I've been looking too, and haven't found any yet. APL is a very old language; it completely predates the whole open-source movement. Unlike equally-old Lisp (whose history includes much AI lab research and a spirit of open collaboration), APL's culture has been historically associated with IBM, commercial timesharing systems, and finance. Kevin and I are trying to change this with Kona, though.
There is a fair bit of k code at no stinking loops. Some of it was written for a different version of k than what Kona targets, though. Hakan Kjellerstrand also has an excellent K page.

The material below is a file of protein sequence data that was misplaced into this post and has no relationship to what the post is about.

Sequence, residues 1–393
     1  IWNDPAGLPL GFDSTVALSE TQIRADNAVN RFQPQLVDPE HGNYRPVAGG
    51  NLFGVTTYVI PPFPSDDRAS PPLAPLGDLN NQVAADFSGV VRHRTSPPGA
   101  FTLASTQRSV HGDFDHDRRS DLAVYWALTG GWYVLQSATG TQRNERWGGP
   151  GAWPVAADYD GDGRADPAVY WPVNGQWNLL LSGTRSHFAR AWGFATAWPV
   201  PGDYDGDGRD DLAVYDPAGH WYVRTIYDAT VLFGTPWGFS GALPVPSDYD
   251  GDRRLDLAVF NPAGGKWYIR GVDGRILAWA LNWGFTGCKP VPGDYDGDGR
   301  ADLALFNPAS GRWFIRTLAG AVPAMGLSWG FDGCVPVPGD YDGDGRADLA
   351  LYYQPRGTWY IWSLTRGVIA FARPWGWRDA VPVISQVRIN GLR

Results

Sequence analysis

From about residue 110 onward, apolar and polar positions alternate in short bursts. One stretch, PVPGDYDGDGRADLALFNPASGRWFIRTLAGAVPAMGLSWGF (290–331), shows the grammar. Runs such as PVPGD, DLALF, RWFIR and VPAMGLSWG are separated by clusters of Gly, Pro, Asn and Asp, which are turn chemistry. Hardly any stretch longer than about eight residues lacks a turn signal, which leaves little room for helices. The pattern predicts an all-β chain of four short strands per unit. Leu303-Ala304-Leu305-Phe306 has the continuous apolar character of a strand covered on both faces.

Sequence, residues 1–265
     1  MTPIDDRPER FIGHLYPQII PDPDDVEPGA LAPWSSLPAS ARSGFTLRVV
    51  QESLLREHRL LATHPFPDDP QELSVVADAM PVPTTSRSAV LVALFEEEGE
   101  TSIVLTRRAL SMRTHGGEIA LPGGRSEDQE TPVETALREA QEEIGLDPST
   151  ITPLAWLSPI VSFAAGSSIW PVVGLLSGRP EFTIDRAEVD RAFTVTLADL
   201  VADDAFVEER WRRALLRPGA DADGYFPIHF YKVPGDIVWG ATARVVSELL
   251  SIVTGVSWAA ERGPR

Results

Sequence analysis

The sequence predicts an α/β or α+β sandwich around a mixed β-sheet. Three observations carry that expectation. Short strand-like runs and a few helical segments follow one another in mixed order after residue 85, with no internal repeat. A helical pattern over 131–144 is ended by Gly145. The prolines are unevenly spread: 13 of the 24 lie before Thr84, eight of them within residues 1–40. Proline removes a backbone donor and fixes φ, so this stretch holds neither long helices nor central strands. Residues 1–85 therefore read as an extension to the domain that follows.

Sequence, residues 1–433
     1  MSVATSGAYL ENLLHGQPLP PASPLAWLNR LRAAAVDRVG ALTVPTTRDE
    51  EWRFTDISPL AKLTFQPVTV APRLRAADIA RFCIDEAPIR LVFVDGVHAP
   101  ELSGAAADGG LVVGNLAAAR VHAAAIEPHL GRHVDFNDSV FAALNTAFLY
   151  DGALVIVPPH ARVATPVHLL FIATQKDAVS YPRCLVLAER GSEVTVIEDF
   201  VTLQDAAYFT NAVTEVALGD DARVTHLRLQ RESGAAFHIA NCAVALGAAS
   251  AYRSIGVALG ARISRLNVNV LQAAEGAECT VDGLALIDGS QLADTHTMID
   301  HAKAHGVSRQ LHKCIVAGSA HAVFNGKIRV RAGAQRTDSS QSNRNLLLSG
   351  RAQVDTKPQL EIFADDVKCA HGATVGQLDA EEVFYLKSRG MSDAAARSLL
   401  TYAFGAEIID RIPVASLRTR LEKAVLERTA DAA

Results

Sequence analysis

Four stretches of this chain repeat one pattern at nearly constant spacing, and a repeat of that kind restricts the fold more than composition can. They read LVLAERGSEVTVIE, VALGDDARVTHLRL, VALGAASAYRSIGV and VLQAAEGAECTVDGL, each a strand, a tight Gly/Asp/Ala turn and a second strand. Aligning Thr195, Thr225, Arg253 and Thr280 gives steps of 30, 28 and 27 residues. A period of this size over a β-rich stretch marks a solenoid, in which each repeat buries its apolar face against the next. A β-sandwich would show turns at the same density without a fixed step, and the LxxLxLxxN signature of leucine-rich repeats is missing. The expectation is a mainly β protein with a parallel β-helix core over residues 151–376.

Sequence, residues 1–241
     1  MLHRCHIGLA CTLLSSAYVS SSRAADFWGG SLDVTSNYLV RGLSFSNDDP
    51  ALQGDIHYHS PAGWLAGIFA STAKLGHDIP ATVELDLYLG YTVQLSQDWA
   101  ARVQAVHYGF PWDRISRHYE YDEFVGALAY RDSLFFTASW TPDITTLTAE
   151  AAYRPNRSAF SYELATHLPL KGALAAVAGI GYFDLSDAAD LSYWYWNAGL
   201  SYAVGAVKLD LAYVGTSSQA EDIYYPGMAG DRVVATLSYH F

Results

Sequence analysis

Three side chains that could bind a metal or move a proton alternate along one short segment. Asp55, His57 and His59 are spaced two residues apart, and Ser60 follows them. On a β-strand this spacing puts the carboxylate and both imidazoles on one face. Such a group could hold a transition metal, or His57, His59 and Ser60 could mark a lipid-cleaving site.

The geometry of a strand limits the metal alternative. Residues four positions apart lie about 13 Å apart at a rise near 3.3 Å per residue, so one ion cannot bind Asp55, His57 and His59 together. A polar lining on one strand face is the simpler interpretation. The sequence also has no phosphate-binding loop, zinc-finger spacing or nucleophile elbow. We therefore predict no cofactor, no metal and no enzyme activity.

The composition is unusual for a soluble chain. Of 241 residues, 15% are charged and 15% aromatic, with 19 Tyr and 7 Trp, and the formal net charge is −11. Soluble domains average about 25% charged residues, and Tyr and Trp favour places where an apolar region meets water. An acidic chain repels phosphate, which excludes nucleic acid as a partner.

There are also several great APL/J/K/Q books. I particularly recommend Kenneth Iverson's A Programming Language, Henry Rich's J for C Programmers, Jeffry Borror's Q for Mortals (Q is the newest version of Kx's K), and Gilman & Rose's APL: An Interactive Approach. All but the last are readily available online.
Keep in mind is that many people are using APLs as mathematical tools (like R, mathematica, gnuplot, etc.) rather than for programming, per se. (IMHO, J is best for that.) K is designed to be a more general-purpose programming language, and feels like a synthesis of APL, Lisp, and C. It is an outlier in the language family, though.